Who is the Renewable Power Policy “Playground Bully”?

Michael Giberson

According to a poll by Fallon Research, “Nearly 60% [of Ohio voters] would pay an extra $3 a month on a $100 dollar energy bill to support the development of electricity from clean sources.” It is an interesting factoid, I suppose. My initial response is to wonder whether state electric power regulations in Ohio somehow prohibit Ohio voters who are so inclined from buying “electricity from clean sources.” If so, the regulations should be revised so that consumers have the opportunity to buy the kind of electric power they want.

Heather Taylor-Miesle, of the NRDC Action Fund, apparently thinks differently. She reads the survey results and thinks, “Great, this is a good reason for state regulators to force everybody to buy clean-sourced electricity, including the more than 40 percent who said they didn’t want to pay as much as 3 percent extra for clean-sourced electricity.”

Can we imagine polling Ohioans on whether they support the Cincinnati Bengals or the Cleveland Browns, and then having state regulators require every consumer buy a T-shirt from the majority-favored team? Why should electricity policy involve state-mandated purchases?

Granted, electric power production involves environmental harms and we might find state and federal policies useful in addressing these harms. But renewable-power purchase mandates are a inefficient way to pursue environmental goals. Granted also, there may well be positive information spillovers from research and development of less-polluting technologies. Renewable-power purchase mandates are an especially ineffective way of promoting the growth and spread of knowledge.

The main point of Taylor-Miesle’s Huffington Post piece was to suggest the conservative, pro-market policy group ALEC was playing the “playground bully” by advocating repeal of state renewable power purchase mandates. I find the suggestion hilariously backward.

So far as I have seen reported in the press, ALEC isn’t out threatening violence for state legislators who refuse to comply with ALEC’s wishes. So far as I know, ALEC operates mostly by distributing policy papers and hosting conferences where people talk a lot. I’ve never heard of a playground bully hosting a public policy conference.

Of course the policy that Taylor-Miesle favors is a policy of coercion: state renewable power purchase mandates simply require electric power retailers to purchase some fraction of their power from government-approved “clean sources.” Should a utility fail to comply, the state will impose penalties. Should a utility fail to pay, the state will seize money in the utility’s bank accounts. If that doesn’t work, the state eventually will close the utility down.

The state is the bully here. Taylor-Miesle is like that kid on the playground hiding behind the bully, egging him on. ALEC, on the other hand, wants to reduce the bully’s reach a little bit.

5 thoughts on “Who is the Renewable Power Policy “Playground Bully”?

  1. I think this is a bit unbalanced. Agree that RPSs are just another version of regulators telling LSEs what to buy (and so forcing us to buy it). On the other hand, what ALEC is really arguing for is not a level playing field (where incumbent technologies would pay the full price of the various health and climate hazards they create) but rather a return to the status quo where those technologies pay none of those costs and renewables get none of the advantages they have today.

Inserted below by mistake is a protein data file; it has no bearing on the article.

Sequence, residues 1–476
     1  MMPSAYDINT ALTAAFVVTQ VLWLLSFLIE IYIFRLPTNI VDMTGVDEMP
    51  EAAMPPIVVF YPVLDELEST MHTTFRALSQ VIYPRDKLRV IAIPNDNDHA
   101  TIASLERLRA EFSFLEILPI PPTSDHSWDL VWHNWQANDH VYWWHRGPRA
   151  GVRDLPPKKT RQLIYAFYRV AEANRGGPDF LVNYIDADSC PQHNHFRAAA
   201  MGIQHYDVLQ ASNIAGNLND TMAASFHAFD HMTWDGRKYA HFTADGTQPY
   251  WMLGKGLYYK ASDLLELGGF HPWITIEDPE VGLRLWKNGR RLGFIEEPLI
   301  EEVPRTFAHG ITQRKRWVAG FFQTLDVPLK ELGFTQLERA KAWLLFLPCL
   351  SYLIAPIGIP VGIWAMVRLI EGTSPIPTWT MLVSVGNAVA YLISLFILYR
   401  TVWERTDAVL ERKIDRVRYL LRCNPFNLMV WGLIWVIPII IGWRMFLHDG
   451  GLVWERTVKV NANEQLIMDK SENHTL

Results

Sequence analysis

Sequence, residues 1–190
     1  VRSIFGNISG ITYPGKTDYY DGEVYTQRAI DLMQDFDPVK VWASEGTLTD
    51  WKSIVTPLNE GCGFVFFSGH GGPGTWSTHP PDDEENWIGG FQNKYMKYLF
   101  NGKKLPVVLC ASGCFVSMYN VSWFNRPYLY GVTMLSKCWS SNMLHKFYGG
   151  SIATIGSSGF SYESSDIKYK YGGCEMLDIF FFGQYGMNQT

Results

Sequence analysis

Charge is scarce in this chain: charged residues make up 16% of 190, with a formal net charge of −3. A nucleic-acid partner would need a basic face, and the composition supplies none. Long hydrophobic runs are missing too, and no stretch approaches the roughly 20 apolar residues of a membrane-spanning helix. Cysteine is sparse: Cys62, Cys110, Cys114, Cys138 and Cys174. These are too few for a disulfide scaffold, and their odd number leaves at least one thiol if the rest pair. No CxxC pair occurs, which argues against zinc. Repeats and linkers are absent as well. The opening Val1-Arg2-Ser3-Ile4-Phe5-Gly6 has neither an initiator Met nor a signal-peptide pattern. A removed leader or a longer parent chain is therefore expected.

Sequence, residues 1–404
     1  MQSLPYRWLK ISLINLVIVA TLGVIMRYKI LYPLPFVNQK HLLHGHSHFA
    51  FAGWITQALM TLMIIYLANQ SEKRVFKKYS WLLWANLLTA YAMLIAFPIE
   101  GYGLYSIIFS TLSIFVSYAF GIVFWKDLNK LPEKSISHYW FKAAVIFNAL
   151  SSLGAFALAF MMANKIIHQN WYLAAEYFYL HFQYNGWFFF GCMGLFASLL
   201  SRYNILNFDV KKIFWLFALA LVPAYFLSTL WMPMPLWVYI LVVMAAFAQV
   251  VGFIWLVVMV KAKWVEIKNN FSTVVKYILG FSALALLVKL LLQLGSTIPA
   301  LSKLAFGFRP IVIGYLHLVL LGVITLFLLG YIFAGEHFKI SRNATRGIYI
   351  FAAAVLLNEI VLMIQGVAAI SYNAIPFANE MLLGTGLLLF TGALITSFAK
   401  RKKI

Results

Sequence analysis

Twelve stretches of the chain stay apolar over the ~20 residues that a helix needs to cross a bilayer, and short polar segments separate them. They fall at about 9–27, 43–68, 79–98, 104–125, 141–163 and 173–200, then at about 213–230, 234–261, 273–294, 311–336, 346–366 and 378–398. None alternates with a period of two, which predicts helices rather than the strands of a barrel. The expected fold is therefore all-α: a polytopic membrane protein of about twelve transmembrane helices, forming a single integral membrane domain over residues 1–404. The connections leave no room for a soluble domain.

Finally, your statements about renewable purchase mandates in the penultimate paragraph are very wide of the mark. The term “mandate” is a serious stretch in this context. Should utilities fail to procure some amount of power, they are typically assessed a fee, which can be waived at PUC discretion if the utility made best efforts. You can imagine how that discussion usually ends up going. Also, most RPSs have cost caps – if the utility can’t meet the RPS for less than the specified cost, they don’t have to. There is no prospect of shutting a utility down. Reliability is king.

  2. The positive responses to polls such as the Fallon poll discussed above are typically 3-4 times more positive than the ultimate consumer purchase decisions, when those decisions are not coerced.

  3. I agree with Micheal Wara. You could just as easily argue that the regulator is being a bully by insisting that Ohioans pay for electricity from “cheap” coal that also ruins their health because of the pollution.

    So regulatora are always bullies… the only thing that changes is who is hiding behind them egging them on.

  4. True, regulators are always (at least potentially being) a bully in the sense that, ultimately, their policies have recourse to the coercive power of government. I suppose we might observe that the whole point of having a government is so that there is an entity available to “be the bully” in cases in which we think certain choices need to be imposed on society. We want private individuals and privately organized groups to impose their choices only in limited spheres, and when we decide we need to impose decisions more broadly we take recourse to governments. Or, to put the matter another way, “being the bully” is what we have government for.

    Except, of course, government is supposed to be a bully limited in scope and under the direction of the rest of us.

    And I’d further suppose one only begins the name-calling (i.e. “playground bully”} when there is a dispute–as with RPS policies–about whether the government should or shouldn’t pursue particular actions.

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